And so the architectures that we’re discussing with our customers revolve around a virtualised security offering that enables us to protect data that is going east-west, between different departments of a data centre, between tenants.
A big part of our focused investment into security is around the performance that is necessary to keep attackers out, as well as the virtualised security offerings that can prevent attacks from spreading once they’ve inevitably penetrated.
For that reason, when we think about our cloud-based offering, security is truly an inextricable part of the end-to-end solution.  And our customers recognise this.
DNA: You’re here in Malaysia for one day, and then leaving for China, followed by Japan. So what are you going to do in one day? Next to meeting DNA, that is ….
Rahim (chuckles): I had the opportunity to meet some of our customers here, and it’s always good to meet with customers to make sure you’re aligned strategically, and to understand the special needs of that particular customer, as well as the region.
While I am here, I will be talking about what the particular solutions are that can help solve the problems that need to be solved.
There are big transformations that are happening in the industry today, so I need to understand where customers are on this journey to take advantage of some of these new approaches to service delivery on the network, and to make sure that we’re capturing all of this in our company as part of our strategy.
DNA: What are Malaysian companies telling you? What are their concerns right now?
Rahim: Well, in some sense, there are common themes throughout the world today. The massive transformations happening in the industry today, I view as a huge opportunity.
There is a movement towards a cloud-based service delivery model, with the promise of far greater agility to deliver services to end-users. The ability to adapt to new services, the ability to roll out new services with much more automation, is the goal everyone’s aiming for.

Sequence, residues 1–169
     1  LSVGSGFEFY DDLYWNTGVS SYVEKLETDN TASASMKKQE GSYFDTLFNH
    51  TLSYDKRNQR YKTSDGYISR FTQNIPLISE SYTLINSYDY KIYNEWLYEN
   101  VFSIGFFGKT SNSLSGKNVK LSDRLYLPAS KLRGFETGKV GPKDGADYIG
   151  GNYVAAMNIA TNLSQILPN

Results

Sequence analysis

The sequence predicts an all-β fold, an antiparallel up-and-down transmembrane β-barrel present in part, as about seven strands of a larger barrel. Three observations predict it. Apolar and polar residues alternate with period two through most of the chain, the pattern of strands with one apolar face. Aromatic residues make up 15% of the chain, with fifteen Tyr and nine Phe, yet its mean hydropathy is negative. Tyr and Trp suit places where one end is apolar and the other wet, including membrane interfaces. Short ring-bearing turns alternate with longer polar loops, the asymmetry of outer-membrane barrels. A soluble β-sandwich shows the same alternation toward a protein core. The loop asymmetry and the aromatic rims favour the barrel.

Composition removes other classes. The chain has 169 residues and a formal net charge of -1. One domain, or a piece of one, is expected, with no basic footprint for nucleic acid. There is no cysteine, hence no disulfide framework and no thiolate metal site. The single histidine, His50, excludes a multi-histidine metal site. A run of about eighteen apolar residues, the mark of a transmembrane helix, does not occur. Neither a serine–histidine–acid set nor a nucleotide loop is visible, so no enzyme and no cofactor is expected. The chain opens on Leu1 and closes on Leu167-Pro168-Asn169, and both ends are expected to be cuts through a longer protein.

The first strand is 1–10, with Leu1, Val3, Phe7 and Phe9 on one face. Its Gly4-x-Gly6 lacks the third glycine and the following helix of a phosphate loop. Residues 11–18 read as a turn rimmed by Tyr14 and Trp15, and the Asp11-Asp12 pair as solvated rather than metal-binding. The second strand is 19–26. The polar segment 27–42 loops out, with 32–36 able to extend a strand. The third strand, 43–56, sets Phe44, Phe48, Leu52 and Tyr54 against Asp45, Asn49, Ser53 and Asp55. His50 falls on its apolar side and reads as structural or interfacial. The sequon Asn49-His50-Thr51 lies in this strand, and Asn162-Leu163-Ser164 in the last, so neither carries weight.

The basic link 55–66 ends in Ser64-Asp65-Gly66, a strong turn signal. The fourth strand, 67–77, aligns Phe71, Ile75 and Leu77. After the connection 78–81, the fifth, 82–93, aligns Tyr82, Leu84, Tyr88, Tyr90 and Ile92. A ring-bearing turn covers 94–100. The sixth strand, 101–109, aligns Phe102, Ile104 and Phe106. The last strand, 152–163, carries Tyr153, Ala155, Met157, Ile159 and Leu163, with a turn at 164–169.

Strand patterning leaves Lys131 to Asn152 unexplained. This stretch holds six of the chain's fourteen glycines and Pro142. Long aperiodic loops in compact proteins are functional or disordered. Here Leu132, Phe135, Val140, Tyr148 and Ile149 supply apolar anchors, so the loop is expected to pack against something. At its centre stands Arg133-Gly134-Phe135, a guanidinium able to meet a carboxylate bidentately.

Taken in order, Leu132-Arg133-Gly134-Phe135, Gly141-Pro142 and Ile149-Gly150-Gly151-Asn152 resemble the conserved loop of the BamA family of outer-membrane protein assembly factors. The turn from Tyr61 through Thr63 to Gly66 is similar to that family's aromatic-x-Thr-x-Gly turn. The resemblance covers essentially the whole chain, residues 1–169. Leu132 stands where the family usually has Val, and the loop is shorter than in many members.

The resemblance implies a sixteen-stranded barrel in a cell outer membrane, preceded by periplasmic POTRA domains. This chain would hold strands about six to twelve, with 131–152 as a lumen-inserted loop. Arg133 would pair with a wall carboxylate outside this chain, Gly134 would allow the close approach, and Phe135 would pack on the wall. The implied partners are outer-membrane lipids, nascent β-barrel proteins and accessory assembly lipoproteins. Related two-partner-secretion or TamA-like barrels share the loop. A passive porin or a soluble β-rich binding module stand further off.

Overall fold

Now, when people think about the cloud, and the infrastructure that is required to enable it, it’s about providing the secure networking infrastructure that’s inside the data centre; it’s about providing the infrastructure to connect data centres together; it’s also very much about providing the connectivity between the data centres and the consumers of those cloud-based services.
Malaysia has some incredible initiatives right now, around Digital Malaysia for example, where moving towards much more advanced high-performance, highly scalable infrastructure that can connect cloud-based services to the end-users is there.
It’s an ambitious programme, and it’s something that puts the goals of this country very much aligned with the goals, the strategy, the capabilities, and the DNA of Juniper.
We started this company with tremendous amount of capability for pushing the envelope on scale and performance, and that helps in cloud-based service delivery models.
What we’re doing now at Juniper, and part of my innovation agenda for the company, is to invest heavily in automation and software-driven innovation to provide the tools to simplify network operations and to provide that agility there that everybody’s looking for.
Previous Instalment: The 3 biggest networking shifts, from the new Juniper CEO